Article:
False positives run amok in Vista anti-virus tests
The first independent tests of anti-malware products on 64-bit Windows Vista revealed a rash of false positives.
Of the 20 products submitted for testing to independent security certification body Virus Bulletin, six generated false positives when scanning a set of known clean files.
As a result, the product failed to earn VB100 certification, a prized accolade in the anti-virus industry. The tests were the first carried out by Virus Bulletin on 64-bit Windows Vista anti-virus and anti-spyware packages.
Trend Micro submitted three of its anti-virus products, all of which falsely identified a Microsoft development tool as spyware. Other products to generate false positives were Fortinet's FortiClient, Ikarus Utilities, and VirusBuster, from the Hungarian firm of the same name.
John Hawes, technical consultant at Virus Bulletin, said: "The items added to our set of known clean files this month mostly consisted of common items taken from the 'most-popular' lists of free download sites, so it is a concern that the additions have caused such an upsurge in false detections.
"A false positive can cause as much disruption as a virus infection. False warnings often lead end-users to delete valid files in the belief that they are some form of attack and the resultant damage can be significant," he added.
Hawes blamed increased reliance on heuristic (generic) detection techniques for the rash of false alarms. "Anti-malware vendors must work hard to minimise false detections."
Other factors might also be in play.
Some anti-virus vendors complained of lack of access to the PatchGuard kernel protection system, as well as other security measures, included in the 64-bit version of Vista prior to its release. Opinions over the issue - even within the anti-virus industry - were sharply split.
Virus Bulletin reckons poor results of tests from anti-malware products on 64-bit versions of Vista suggest Microsoft's efforts at locking down the operating system have made life tougher for security firms.
Microsoft's enterprise anti-malware technology Forefront put in a strong performance and was awarded VB100 status for Vista x64 in the latest tests. By contrast, OneCare, its consumer anti-virus product, received a good shoeing after flunking Virus Bulletin's tests on 32-bit Vista products earlier this year.
Virus Bulletin's VB100 test pit submitted anti-virus products against a test set of viruses from the WildList, a publicly available list of viruses known to be in circulation. To earn VB100 certification, products must be able to detect 100 per cent of the malware samples contained in the WildList test set while avoiding any false alarms in scanning a set of clean files.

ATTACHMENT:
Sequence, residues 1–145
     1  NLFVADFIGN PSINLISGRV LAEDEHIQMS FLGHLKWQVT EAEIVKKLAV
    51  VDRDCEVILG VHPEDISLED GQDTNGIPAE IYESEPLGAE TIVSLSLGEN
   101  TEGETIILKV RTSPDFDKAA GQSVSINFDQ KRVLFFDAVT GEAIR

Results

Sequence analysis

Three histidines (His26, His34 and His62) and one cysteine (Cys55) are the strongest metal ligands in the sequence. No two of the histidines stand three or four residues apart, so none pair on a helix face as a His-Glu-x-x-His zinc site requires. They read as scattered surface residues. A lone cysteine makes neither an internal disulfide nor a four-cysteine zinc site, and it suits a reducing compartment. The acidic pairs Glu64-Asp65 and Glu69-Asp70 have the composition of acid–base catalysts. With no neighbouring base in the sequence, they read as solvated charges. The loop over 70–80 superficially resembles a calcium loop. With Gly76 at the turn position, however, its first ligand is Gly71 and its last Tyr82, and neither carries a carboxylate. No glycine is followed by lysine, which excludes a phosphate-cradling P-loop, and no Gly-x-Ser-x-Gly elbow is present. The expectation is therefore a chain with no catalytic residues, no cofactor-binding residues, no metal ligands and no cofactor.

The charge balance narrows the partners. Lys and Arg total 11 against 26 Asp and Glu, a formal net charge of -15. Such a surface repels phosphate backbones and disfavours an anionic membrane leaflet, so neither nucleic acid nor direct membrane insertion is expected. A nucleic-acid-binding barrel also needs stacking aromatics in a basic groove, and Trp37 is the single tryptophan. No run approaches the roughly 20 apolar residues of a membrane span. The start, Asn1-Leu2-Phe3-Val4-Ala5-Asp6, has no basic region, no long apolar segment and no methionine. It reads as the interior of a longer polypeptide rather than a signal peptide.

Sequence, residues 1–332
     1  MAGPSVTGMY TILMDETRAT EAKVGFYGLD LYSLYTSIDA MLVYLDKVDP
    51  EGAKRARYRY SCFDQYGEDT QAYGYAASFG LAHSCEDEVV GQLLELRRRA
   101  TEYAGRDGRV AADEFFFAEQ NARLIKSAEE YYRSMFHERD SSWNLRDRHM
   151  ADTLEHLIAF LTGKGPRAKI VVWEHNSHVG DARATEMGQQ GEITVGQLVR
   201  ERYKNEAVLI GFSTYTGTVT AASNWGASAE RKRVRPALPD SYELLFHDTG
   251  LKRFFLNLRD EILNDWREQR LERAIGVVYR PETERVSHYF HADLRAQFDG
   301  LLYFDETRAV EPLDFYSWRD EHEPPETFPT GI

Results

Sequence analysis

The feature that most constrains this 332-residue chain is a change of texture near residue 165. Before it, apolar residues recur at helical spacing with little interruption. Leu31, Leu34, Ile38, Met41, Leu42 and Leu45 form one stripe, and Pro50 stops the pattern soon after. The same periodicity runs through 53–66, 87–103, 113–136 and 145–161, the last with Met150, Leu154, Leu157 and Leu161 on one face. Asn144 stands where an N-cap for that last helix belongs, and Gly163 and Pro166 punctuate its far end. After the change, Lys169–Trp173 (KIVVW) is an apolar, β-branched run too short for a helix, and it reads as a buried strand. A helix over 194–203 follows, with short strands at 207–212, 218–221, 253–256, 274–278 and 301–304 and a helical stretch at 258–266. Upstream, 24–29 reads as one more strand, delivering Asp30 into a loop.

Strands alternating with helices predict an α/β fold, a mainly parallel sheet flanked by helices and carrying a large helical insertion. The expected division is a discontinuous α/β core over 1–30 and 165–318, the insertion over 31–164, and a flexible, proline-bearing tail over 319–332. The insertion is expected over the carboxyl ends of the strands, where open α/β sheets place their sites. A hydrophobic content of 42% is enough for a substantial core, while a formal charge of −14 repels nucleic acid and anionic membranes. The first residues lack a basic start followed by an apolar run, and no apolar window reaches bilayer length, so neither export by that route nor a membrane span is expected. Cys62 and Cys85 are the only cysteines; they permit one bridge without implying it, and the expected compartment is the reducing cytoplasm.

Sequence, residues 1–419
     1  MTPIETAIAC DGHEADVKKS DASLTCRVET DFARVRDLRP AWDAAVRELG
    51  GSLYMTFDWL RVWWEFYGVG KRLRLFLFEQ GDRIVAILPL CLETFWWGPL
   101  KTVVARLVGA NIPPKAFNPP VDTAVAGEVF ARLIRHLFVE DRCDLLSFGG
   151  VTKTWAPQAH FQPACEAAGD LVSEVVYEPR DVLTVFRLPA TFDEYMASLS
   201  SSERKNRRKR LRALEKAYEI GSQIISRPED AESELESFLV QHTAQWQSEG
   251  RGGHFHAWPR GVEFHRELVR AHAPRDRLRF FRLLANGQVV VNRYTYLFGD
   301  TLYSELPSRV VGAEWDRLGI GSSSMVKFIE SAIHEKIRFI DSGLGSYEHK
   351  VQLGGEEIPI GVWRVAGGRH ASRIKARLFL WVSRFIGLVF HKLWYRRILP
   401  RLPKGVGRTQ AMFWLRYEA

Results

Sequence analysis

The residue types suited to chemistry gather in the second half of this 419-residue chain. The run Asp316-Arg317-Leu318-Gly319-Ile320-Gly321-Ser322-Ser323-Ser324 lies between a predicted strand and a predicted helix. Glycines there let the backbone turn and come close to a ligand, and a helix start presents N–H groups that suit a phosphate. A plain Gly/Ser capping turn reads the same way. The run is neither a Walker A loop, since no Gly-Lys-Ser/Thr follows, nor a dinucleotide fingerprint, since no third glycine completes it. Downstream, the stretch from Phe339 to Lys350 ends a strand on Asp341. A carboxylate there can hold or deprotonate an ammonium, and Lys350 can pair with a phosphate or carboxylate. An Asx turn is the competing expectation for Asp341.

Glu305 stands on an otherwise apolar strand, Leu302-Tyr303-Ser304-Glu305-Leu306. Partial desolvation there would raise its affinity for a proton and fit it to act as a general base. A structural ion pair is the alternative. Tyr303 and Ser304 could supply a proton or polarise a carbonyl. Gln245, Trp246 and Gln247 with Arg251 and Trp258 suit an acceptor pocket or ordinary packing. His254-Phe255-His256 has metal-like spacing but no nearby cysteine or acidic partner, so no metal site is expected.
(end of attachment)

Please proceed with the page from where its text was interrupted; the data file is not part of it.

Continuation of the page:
Unlike other certification schemes, Virus Bulletin tests all products free of charge and does not allow re-testing. Virus Bulletin's comparative reviews also cover other performance aspects including detection rates against a selection of viruses never seen outside the lab of anti-virus vendors as well as looking at scanning speeds and performance overheads for anti-malware products.
The results of the VB100 certification of products for Windows Vista x64 Business Edition can be found here (free registration required). Detailed results tables are available to Virus Bulletin subscribers. ®
"In the end" alright
Er.. "...far fewer compatibility issues"? Hell yes. Vista is far less likely to be compatible with anything. Hardware or software.
Use it, and you will feel like you've had something run into your end alright.
I am still trying to get my supplier to get a XP disk to me to replace the crap that came preinstalled on the laptop. Which, consequently, is barely compatible with the hardware it was installed on.
While I wait, I'll play with this linux thingy. I hear good stuff about it, and have so far enjoyed many crash free, malware free, problem free hours of productivity. If Vista was as good as XP, I never would've considered installing Linux on this machine. But I was desperate for a WORKING machine, so on went the Linux.
Vista and NOD32
Firstly, NOD32 is fantastic. I've used it for years. It's unobtrusive, small, uses far far fewer CPU cycles than anything else and what's more, it really, really works.
As for Vista--I remember exactly the same arguments when XP came out. To be fair, there have been far fewer compatibility issues this time around. And as with XP, you'll all be running Vista in the end...
NOD32 and other notes
Did NOD32 get the VB100 ranking with the 64-bit version of Vista? I know it's good, but the article was only speaking to the 64-bit tests.
I also like NOD32, AVG Free and Clam AV ... on XP (when I have to run it). Our Vista users can't complain enough about it.
Re: Paranoid delusions (@Mr. Moyle)
You're only paranoid if they're NOT out to get you. Your comments reflect generational MS practices where they maliciously insert code (or fail to document it) in attempts to cause competitors' products to shine less than brightly than their own. Netscape comes to mind (Did anyone really believe that MSIE3-4 functioned better than Netscape on an even playing field?)(and yes, I can cite the Finding of Fact in that big ol' case).
It does bear repeating that of the 20 products submitted for testing, only 6 produced the false positives. And it's not at all surprising that MS 64-bit anti-malware product did so well ... even if its consumer-level (32-bit) product continues to be crap.
I strongly agree with those who recommend AGAINST "upgrading" to or purchasing a new system with any current version of Vista on it. Wait until the first service pack, at the very earliest, or just stick with what's working for you and ignore Vista completely. It's easy to do ...